Photo courtesy frankieleon via Flickr CC On July 4, 1776, the Declaration of Independence was adopted, marking the newly-formed America's official break from British colonial rule. We all know that taxes and the original Tea Partiers were a major part of the creation of the United States. But what is less well-known is why communities across the country tonight will celebrate the nation's birthday by setting of pyrotechnic displays. Because Founding Father John Adams said so. Adams as early fireworks advocate: On July 3, 1776, a day after the Continental Congress in Philadelphia voted for independence (the declaration document itself... Read more →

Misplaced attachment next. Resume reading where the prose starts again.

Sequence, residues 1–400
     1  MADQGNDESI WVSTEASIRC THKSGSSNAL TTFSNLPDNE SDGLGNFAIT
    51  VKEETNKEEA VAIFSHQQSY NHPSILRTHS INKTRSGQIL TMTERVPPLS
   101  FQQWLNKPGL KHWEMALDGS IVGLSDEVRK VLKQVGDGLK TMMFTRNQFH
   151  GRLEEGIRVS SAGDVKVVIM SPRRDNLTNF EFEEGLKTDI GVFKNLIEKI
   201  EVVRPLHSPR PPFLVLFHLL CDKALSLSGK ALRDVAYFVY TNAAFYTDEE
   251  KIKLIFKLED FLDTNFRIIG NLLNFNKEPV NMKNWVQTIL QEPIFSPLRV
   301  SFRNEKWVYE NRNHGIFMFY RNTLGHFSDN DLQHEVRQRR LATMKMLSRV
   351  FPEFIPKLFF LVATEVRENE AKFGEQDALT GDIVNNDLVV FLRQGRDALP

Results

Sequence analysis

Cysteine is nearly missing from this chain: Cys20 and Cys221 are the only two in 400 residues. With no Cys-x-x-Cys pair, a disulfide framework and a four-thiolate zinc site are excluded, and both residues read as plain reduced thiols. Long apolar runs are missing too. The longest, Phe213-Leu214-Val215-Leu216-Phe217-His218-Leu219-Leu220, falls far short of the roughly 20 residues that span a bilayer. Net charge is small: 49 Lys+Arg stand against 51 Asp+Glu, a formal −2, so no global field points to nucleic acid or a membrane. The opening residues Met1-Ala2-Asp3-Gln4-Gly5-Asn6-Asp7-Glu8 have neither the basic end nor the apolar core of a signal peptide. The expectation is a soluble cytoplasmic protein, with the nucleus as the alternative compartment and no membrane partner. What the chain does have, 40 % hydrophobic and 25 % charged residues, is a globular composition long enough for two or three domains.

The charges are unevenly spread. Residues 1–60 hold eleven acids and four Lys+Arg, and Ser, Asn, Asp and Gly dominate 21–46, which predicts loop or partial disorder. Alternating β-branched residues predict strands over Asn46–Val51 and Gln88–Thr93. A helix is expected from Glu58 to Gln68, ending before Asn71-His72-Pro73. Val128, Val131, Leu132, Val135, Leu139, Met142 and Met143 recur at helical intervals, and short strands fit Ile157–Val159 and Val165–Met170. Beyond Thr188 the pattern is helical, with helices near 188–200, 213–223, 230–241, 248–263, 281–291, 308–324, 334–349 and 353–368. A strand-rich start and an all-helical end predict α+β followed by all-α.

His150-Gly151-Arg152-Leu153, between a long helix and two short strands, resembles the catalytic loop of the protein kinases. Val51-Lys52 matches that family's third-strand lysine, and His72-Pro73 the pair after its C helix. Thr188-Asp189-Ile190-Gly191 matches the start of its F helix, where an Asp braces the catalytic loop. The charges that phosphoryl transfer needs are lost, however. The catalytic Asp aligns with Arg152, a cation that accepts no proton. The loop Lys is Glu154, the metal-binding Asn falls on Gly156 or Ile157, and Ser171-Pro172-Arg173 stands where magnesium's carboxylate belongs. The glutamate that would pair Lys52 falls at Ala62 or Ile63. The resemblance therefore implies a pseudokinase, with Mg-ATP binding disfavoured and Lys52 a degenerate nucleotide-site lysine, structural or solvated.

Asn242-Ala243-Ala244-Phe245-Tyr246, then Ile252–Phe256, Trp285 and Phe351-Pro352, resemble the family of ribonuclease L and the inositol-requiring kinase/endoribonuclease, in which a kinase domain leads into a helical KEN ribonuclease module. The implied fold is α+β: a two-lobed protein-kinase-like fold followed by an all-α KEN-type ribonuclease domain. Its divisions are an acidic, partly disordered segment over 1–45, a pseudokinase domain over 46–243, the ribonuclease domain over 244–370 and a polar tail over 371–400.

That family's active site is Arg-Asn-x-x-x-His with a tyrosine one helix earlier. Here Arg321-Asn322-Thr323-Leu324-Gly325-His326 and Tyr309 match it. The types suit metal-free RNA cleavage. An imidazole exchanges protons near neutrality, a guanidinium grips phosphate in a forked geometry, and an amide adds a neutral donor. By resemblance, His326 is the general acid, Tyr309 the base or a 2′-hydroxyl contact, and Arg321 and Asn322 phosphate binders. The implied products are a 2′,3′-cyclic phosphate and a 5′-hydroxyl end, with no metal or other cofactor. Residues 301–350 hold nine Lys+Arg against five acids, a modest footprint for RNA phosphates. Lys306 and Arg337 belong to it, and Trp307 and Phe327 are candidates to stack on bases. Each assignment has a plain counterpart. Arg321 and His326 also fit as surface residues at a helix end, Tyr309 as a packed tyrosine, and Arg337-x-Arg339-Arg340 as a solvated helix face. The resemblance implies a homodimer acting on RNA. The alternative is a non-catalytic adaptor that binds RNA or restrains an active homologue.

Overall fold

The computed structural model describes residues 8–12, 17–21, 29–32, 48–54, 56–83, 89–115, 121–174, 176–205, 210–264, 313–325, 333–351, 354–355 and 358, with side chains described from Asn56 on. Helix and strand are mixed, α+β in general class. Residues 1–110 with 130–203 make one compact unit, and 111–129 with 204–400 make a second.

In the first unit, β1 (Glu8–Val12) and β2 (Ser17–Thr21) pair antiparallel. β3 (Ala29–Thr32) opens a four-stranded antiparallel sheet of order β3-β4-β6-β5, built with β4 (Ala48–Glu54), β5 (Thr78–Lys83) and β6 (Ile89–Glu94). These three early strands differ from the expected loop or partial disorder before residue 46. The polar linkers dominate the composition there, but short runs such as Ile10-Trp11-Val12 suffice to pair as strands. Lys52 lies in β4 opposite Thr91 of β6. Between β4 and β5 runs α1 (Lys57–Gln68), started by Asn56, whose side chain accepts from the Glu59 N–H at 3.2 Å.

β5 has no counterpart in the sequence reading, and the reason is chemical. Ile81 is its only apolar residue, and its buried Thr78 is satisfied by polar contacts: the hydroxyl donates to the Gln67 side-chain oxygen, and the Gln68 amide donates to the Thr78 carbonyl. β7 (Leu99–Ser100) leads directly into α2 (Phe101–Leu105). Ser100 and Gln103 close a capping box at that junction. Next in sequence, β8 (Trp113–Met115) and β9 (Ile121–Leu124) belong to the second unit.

In many states, sales taxes add to the costs of holiday fireworks. A few collect excise taxes, too. If the levies are dedicated to specific causes, they can do a lot of good. Read on for my suggested beneficiaries of pyrotechnics taxes. States take almost every opportunity they can to add to their coffers. That tendency also applies to July 4th celebrations. The obvious revenue connection is sales tax applied to purchases firecrackers, bottle rockets, sparklers and the wide variety of personal pyrotechnics. The sales numbers explain the appeal to state and local tax collectors. In 2018, the U.S. pyrotechnics... Read more →